MYRTLE BEACH, SC (WMBF) – For most parents, losing a child is the worst thing imaginable. That's why, as temperatures heat up, it's important to learn about the dangers of leaving children in cars for any length of time.
"Childrens' bodies heat up three to five times faster than that of an adult. They have an immature respiratory system, so they aren't able to sweat out enough to keep their bodies' cool," said Janette Fennell of KidsAndCars.org. "We've had cases where a baby has died in as little as 15 minutes."
For Richie Gray, of Hartsville, it's a reality he has to live with for the rest of his life. On May 8, 2014, his 13-month-old daughter Sophia died after spending nine hours inside his vehicle. Temperatures that day had soared into the 90s. Gray thought he had dropped Sophia off at daycare, and had gone about his day at work. Then he got the call that changed everything.
"It was around 5 or 5:30 in the afternoon," Gray said. "I got a phone call from her mom. She said the daycare called and Sophia didn't show up today. Immediately I thought she was kidding. I raced to the car and that was it." Gray was charged with neglect, but the little girl's death was ruled an accident.
"Sophia was the twenty-fourth child that year," Gray said. "I never even realized anything like that happened. "
Being aware is key, according to KidsAndCars.org, a national group that tracks vehicle accidents involving children and promotes safety. According to the group, 87 percent of vehicular heat stroke cases involve children under the age of 3. On average, 37 die each year in hot cars. Since 1990, it's happened to at least ten children in South Carolina. "People need to understand that it can happen to anyone and really take that to heart." Fennell said.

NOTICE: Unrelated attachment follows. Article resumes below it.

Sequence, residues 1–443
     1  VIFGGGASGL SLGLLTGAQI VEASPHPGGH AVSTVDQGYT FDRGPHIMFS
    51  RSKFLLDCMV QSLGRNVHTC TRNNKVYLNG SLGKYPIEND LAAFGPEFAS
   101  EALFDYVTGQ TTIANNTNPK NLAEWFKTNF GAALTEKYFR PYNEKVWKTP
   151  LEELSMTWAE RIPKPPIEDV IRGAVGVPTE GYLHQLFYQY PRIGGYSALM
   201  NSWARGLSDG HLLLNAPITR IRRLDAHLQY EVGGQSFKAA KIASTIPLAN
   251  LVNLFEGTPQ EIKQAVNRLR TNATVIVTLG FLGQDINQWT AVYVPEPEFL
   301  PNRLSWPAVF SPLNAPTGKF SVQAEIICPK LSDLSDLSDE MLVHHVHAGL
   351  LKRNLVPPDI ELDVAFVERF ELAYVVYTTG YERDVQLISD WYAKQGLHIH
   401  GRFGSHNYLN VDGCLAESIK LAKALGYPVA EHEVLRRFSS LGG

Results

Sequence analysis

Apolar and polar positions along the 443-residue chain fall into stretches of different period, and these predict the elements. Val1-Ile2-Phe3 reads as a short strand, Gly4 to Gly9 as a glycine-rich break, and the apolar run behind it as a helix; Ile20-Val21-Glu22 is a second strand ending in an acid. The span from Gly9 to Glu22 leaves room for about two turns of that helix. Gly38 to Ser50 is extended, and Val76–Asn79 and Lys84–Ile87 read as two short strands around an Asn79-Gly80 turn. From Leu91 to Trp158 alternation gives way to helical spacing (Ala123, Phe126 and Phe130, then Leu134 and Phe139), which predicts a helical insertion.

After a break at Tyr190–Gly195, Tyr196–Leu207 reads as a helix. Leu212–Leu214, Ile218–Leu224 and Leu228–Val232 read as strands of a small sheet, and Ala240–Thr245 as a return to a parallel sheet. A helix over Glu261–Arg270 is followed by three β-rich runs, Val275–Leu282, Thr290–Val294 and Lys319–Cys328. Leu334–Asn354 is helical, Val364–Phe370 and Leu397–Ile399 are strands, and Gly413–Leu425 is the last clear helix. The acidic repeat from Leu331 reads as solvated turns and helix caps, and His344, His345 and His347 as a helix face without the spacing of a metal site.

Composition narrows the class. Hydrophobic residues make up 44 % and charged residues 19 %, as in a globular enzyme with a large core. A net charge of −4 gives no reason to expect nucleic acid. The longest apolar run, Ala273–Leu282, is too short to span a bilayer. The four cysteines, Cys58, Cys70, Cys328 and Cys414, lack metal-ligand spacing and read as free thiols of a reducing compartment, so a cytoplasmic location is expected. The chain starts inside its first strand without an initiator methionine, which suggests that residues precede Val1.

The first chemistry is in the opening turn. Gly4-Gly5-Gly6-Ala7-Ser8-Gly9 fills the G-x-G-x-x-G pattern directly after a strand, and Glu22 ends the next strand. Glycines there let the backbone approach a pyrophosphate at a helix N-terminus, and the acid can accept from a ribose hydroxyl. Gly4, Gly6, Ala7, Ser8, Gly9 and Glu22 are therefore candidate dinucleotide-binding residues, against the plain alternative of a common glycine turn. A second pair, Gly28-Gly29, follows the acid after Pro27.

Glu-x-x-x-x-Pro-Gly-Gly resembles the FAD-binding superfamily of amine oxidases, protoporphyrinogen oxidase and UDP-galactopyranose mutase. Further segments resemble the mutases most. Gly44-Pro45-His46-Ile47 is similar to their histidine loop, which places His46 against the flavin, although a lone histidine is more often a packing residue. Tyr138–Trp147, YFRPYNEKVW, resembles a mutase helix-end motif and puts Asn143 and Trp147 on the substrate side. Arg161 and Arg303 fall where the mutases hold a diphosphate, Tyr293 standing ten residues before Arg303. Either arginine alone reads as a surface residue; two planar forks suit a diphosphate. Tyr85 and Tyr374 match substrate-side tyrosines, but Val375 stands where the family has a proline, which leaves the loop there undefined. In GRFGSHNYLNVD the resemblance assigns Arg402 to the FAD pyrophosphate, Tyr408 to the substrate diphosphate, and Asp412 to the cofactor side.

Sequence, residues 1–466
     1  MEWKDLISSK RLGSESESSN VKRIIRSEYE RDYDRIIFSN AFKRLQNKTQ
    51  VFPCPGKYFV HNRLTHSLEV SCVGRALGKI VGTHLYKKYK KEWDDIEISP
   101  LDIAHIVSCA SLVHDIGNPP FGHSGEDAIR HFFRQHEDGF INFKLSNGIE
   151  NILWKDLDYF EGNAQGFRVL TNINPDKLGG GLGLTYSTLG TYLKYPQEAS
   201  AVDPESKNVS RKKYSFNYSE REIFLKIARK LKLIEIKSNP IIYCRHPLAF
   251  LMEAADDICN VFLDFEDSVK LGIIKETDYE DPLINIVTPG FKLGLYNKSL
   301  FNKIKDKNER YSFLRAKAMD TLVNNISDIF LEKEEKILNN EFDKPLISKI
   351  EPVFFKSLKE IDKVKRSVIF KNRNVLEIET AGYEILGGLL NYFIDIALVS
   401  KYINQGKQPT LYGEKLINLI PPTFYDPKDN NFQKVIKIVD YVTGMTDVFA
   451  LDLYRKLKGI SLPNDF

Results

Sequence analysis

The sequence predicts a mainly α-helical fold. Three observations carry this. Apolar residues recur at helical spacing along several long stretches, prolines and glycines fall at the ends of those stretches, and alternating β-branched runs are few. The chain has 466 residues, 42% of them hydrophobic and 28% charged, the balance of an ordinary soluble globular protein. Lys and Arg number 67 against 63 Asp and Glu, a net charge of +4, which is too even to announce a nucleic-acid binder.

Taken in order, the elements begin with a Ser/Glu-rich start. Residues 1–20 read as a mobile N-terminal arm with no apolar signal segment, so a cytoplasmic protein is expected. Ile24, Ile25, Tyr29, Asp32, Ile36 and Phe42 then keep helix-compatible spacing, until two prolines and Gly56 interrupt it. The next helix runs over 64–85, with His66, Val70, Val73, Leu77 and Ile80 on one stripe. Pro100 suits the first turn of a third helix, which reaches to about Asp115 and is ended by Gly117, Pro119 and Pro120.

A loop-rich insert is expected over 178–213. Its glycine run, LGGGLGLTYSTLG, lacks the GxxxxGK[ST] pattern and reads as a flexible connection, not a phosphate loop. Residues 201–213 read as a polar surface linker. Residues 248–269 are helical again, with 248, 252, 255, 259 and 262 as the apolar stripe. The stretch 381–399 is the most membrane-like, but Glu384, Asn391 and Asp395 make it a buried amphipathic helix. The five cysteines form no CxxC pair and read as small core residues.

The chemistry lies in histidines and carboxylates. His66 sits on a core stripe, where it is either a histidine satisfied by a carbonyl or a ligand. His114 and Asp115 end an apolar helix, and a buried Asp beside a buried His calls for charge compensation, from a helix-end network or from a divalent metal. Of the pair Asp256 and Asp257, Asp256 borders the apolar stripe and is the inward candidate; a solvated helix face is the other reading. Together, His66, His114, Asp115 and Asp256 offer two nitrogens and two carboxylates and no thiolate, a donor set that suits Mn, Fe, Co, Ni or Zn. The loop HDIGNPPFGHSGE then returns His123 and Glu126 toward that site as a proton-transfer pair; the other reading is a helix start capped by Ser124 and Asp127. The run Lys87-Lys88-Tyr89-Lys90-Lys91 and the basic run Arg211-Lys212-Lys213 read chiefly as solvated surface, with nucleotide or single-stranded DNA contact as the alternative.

Fennell describes what happened to Gray as "misremembering." He rarely took Sophia to daycare. He normally picked her up. A break in routine, exacerbated by lack of sleep, distraction, or stress can send your brain on autopilot. Some neuroscientists describe it like this: The portion of the brain that stores habit overrules the here and now.
"All it takes is the slightest interruption," Fennell said. "Whenever there is a change in routine, you should really put up the red flags and understand that you have to be extra careful." She recommends relying on visual cues to remind you every time you put the car in park. Put a handbag, employee badge, or cell phone in the back seat next to your child so you have to check in back. She suggests also putting a stuffed animal in the car seat at all times and moving it to the front seat once you buckle your child in.
You can also ask your daycare to call you immediately if your child doesn't show up. For an extra line of defense you can purchase the Evenflo Sensorsafe Seat, which sends an alert if your child is left behind. There are also a number of sensors, such as Driver's Little Helper, you can buy and attach to your existing car seat. KidsAndCars is also lobbying automakers to install technology in new cars that would send alerts, but so far that hasn't happened.
Since Sophia's death, Gray has designed a pink elephant sticker to place on the car window as a reminder to parents to check the backseat. "I told her I would make this right, and that's what I'm trying to do." Gray said.
Remember Sophia/It Takes a Village to Raise a Child Facebook page: https://www.facebook.com/remembersophia/
Evenflo Sensor Seat: http://www.evenflo.com/SensorSafe/